The Westcott media streak continued, with Jamie feeling right at home at the Sun, winning four awards for crime reporting and writing tabloid cops and robbers stories and features with flare. His presence in the newsroom was appreciated and he was elated by the acceptance.
Cancer being the cruel bastard that it is, Jamie's fight for life came to an end June 13, 1989, at Scarborough General Hospital, where he was born. He was 25. It was a blow to fellow Sun staffers who came to admire Jamie as a man and journalist.
The Jamie Westcott Memorial Award, initiated and sponsored by the Toronto Sun in his memory, was awarded annually through the 1990's for crime reporting. Jamie was told about the new award shortly before his death.
"Jamie was afraid he would be forgotten because his working life was so short," says Clare. "The award was given out through the '90's, but budget cuts by the Quebecor folks resulted in it being dropped. "
(Editor's Note: One more entry for the ever expanding heartless Quebecor Wall of Shame.)
Clare said when Jamie went off to school for those five years in his teens, they had no idea he would be gone from their lives at 25.
"We didn't know then we would be losing him, for in those five years away, we only saw him during the summer holidays and maybe one weekend a month. I cherish the plaques he got for the four newspaper awards he won in his short three years at the Sun."
He also cherishes a June 1, 1986, letter Jamie mailed to his sister, Genevieve, and her husband, Ross, in New Zealand. The letter, written a month after he started working at the Sun and three years before his death, captures Jamie's eagerness to be accepted and productive.
"Hi Gen & Ross,
Just writing from work to say hi and to tell you about my 1st month as a ‘real newsman.’
So far, so good. I've had about a dozen assignments, mostly soft stuff. But a few good stories made the paper. This place is fun all the time . . . work gets done . . . but there’s no tension or bitching like I thought there would be!
There are five students here now, and they usually keep 2 or 3, so I’m just gonna try & impress the hell out of them!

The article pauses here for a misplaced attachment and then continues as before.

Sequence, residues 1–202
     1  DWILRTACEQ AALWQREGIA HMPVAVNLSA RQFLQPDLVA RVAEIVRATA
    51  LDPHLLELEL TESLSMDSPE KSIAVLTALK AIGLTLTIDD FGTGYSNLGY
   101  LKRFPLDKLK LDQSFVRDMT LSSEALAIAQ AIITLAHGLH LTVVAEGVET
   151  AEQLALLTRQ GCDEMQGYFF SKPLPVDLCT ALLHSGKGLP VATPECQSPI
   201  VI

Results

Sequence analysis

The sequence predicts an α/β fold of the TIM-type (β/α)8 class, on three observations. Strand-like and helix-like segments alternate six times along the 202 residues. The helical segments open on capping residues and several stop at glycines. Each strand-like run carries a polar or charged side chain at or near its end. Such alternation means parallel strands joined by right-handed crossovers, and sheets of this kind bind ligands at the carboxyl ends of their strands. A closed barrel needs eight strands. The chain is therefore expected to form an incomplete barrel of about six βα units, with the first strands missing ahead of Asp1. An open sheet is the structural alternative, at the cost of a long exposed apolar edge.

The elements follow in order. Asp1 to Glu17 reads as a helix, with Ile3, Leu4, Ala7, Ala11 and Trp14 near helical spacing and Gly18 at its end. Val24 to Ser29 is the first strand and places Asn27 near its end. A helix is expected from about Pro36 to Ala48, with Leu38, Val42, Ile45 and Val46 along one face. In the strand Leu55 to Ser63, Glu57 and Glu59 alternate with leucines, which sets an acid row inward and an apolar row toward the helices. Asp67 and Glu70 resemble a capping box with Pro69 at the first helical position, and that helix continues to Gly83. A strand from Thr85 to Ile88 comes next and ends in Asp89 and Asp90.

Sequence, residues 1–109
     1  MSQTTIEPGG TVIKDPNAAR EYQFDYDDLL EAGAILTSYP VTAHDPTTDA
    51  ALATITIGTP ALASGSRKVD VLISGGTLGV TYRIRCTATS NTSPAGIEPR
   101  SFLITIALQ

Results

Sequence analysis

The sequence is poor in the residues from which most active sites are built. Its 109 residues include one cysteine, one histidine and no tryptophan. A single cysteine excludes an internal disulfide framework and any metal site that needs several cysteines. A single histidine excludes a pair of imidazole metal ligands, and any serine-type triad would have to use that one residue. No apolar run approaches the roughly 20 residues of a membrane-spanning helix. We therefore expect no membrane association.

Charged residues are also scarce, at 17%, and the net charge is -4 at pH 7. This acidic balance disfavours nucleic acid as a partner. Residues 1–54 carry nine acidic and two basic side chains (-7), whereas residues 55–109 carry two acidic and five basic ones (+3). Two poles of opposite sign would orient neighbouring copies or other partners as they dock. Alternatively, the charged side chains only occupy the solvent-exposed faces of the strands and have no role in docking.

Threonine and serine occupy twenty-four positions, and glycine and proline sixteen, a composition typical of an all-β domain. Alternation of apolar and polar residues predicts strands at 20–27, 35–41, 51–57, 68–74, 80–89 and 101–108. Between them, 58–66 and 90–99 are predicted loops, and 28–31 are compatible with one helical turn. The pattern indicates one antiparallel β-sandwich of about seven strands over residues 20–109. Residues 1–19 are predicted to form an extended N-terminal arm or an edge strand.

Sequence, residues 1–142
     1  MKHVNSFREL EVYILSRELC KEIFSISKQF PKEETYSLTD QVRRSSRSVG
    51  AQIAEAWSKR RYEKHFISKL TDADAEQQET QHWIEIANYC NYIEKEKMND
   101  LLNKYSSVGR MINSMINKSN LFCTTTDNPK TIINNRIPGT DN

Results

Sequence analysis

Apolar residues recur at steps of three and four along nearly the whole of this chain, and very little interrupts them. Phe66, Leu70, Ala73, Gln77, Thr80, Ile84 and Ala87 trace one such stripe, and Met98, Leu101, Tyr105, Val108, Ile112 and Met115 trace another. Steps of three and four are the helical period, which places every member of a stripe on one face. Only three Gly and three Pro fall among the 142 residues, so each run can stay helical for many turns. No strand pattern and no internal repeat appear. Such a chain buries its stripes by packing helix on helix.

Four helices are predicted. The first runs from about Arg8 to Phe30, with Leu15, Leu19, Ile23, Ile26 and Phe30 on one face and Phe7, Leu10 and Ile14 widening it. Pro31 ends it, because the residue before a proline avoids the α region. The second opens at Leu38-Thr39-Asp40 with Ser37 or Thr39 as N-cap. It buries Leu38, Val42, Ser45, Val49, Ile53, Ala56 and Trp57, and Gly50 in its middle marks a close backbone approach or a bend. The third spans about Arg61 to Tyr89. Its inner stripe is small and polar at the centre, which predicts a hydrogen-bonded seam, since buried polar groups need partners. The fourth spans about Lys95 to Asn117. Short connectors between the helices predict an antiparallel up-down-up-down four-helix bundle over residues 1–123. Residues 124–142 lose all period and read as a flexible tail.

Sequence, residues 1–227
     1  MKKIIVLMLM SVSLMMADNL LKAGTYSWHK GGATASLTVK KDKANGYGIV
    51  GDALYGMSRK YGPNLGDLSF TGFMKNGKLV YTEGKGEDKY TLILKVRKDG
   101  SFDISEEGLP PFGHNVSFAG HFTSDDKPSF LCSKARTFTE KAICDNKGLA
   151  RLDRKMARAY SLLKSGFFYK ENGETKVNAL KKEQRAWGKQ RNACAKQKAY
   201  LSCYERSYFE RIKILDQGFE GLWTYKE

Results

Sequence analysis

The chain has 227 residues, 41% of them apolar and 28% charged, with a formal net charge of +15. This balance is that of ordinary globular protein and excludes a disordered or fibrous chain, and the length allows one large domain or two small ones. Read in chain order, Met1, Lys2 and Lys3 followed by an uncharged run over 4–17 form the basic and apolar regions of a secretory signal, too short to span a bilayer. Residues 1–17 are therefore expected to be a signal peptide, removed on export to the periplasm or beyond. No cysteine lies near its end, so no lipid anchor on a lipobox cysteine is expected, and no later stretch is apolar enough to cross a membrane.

Slow news day today, so I’m just hangin' out & taking calls. I hear you are up for more!!! awards. Way to go.
Still haven’t taken a pic for a story cuz no matter who I shoot, they seem to have a file picture to use instead.
I was using the Pentax, but I have no flash for it so I take an idiot camera from work now. It’s just a Nikon one-touch, but I would really like to take more shots.
Did my first pick up yesterday when I worked the police desk. All those radios going at once is confusing, but once I begin to understand what they’re talking about, I’ll know what to listen for!!!
Only 2 more treatments left & then I’ll be back in the hair business. Yeah!
Anyways, the editor’s back so I’ll have to get back on full alert. Thanks again for the sweater. Tell Ross he has good taste.
Love, Jamie. "
Clare Westcott, son Jamie and 20 other family members flew off to New Zealand in 1987 for the wedding of Genevieve Westcott and husband Ross. During their stay, Clare and Jamie visited The Rainbow Warrior, a ship that had been sunk by the French secret service. Jamie, like most loyal and enthusiastic Sun reporters in the 1970's and 1980's, took notes during his stay in New Zealand and on his return, wrote two stories about his trip, including a full page fishing story with pictures. His beard, his contagious smile, his enthusiasm for writing and his Terry Fox bravado while battling cancer are all components of the memories family, friends and co-workers have of Jamie almost 20 years after his death.